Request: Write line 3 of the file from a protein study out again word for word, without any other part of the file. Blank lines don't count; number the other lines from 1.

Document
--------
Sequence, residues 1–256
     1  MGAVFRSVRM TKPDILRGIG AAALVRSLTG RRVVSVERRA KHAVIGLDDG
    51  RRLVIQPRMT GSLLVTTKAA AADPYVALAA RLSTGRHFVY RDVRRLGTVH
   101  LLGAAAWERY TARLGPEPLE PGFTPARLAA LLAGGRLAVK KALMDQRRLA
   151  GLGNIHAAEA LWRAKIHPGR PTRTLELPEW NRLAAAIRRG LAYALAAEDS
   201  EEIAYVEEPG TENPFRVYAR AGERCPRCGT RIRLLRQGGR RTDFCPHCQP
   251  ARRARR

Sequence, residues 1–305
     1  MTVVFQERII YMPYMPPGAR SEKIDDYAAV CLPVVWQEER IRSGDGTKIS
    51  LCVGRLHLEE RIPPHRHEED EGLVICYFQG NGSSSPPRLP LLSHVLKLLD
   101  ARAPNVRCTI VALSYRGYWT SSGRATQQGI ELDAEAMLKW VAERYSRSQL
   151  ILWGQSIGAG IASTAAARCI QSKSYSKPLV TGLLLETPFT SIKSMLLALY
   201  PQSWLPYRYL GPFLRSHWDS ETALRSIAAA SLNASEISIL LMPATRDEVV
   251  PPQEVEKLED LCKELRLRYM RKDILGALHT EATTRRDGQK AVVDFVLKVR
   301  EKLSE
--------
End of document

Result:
    51  RRLVIQPRMT GSLLVTTKAA AADPYVALAA RLSTGRHFVY RDVRRLGTVH